This is a rant, a screed, a diatribe, a scream in the wilderness hoping to call the adults in charge to notice a major design flaw in Amazon's otherwise excellent Elastic Cloud Computing service, know as EC2 for short.
However, unlike most rants, screeds, etc... I offer a reasonable and easy to implement solution which should work well for all concerned.
What EC2 is:
EC2 lets you create virtual servers based on their hardware and networks. It's fast, reliable, and pretty flexible when it comes to getting far more computing resources in short notice than would even be possible for a small company to arrange, let alone finance, because you can pay by the hour of computing time, and the megabyte of disk storage.
Amazon offers a wide variety of Linux and Microsoft operating systems to run within these virtual servers, and they make it easy to provision new machines, or "instances".
Yesterday, I was at work, and for whatever reason, I couldn't find the instance of Windows Media Streaming I had last used on Amazon EC2 about 6 months ago that I needed for a demo. With real servers, it's obvious when you have boxes to look at, hopefully all nicely labeled, but since virtual servers don't actually take up physical space in the office, they end up just like any other misplaced computer file.
I then proceeded to create a new one from scratch. The setup wasn't that long, but my work day because a long one while I got everything set. It got worse when I figured out that the Hardware Streaming Box we were going to use wasn't using the same protocol I had previously used. I got all that sorted out about midnight, but then found out something else was amiss. I thought it could be either the streaming box, or the virtual server that was mis-configured, so I created a virtual server in our own local network (using VMware) to divide the problem and more accurately place blame. At about 6 AM I had proof that it was the streaming box, and it had a virus. It needed to be reset to factory standards... I waited for our supplier to call back to get the proper procedure for doing so, and got everything working by 10 AM today. (Now a 26 hour work day).
I then proceeded to help everyone else test out their parts of the demo, and showed them how everything worked with the box, Amazon, Windows, etc... I was done after lunch at about 1:30PM. I was taking care of putting the hardware away, cleaning up my office, etc... when I shut down the Virtual Server. I was looking at the configuration of it, and it seemed to be stuck in the process of shutting down (terminating) far longer than expected.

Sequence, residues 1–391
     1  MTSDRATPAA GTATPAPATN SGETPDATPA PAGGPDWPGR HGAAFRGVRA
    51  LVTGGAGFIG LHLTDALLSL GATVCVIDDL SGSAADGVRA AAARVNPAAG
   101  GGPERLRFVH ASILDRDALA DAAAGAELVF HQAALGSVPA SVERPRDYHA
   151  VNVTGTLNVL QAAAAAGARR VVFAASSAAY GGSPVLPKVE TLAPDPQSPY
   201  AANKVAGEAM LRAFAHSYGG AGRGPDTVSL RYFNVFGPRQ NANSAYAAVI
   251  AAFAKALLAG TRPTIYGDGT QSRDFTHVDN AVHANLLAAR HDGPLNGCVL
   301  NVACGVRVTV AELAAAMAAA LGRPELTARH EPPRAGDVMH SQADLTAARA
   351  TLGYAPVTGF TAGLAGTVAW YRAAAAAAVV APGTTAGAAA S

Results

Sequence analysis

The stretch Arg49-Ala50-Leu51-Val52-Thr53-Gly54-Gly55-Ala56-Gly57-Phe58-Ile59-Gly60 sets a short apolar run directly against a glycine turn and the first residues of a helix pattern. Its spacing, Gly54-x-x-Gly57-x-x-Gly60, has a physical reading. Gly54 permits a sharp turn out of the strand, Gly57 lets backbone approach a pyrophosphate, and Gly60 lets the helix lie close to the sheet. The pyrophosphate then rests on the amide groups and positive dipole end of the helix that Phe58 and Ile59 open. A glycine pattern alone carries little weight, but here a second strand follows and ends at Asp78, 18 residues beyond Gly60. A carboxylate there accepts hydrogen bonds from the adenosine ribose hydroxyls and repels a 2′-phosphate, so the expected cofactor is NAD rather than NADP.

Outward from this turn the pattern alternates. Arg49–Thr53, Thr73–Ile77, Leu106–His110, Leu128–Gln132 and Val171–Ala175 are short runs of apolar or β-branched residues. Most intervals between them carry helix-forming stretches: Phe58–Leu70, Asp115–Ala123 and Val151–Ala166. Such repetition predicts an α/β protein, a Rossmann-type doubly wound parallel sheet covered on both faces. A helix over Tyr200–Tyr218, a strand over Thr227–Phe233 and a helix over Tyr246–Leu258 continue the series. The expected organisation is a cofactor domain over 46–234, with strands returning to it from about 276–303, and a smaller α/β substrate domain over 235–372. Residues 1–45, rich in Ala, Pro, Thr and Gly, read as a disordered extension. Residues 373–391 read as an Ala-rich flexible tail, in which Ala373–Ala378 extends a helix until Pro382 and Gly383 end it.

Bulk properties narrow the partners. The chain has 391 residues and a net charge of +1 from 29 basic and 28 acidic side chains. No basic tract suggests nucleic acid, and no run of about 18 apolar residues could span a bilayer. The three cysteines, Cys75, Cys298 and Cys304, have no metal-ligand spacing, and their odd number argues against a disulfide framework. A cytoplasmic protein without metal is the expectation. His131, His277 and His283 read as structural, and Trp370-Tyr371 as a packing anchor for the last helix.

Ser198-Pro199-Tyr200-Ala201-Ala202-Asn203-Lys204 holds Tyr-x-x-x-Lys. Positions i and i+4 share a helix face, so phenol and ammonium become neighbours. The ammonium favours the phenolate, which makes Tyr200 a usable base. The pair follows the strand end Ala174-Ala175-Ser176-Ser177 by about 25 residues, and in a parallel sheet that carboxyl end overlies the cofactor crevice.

Then I couldn't find it! (Deja vue)
It was about 15 minutes later that I found out what had happened.... Amazon threw my newly configured virtual machine away, assuming I no longer wanted it, merely because I turned it off (using the Windows Shutdown command) to save the compute costs while I wasn't using it. My reaction was one of surprise and sadness, and resignation to an even longer work shift that was now like to stretch from 8AM to 5 PM the next day.
I'm upset about this, I understand how someone on the product team might have justified using the word Terminate to signify deleting a server, and someone else defended the decision to delete them by default, but it's not the way people use computers.
How you can relate:
Imagine if the mere act of turning off your desktop machine resulted in its disappearance and the need to set up a new one, no matter how inexpensive. This is the problem I faced. I invested hours of time getting everything working just right, and testing it.... I had to spend another 3 hours to do it all over again.
How to fix it:
Now... here's my message to the folks who control the design of this system...
You have added a "termination prevention" system, which helps to alleveiate the problem, if the user has a clear understanding of the NON-STANDARD use of the word termination in this context. This kludge of a fix tells me that the product managers don't quite have a good enough grasp of how things work.
A far better fix, one that fits with far less ambiguity, and far less pain for all involved, is to use the standard word DELETE when describing the act of removing a virtual machine from existence.
Deletion of a virtual machine, or set of files should NEVER happen merely because a virtual machine powered itself down. It should ALWAYS and ONLY be the result of a positive direct action at the request of a user, who then gets a message warning them of the full implications of their actions before giving their final confirmation of the action.
Please take this in the spirit with which it is intended, as CONSTRUCTIVE criticism, and a possible fix.
You'll save all of your new users having to go through this painful experience, and have a better product to boot.
Update: As you can see in the comments, this design fail is making a hole for others to fill.
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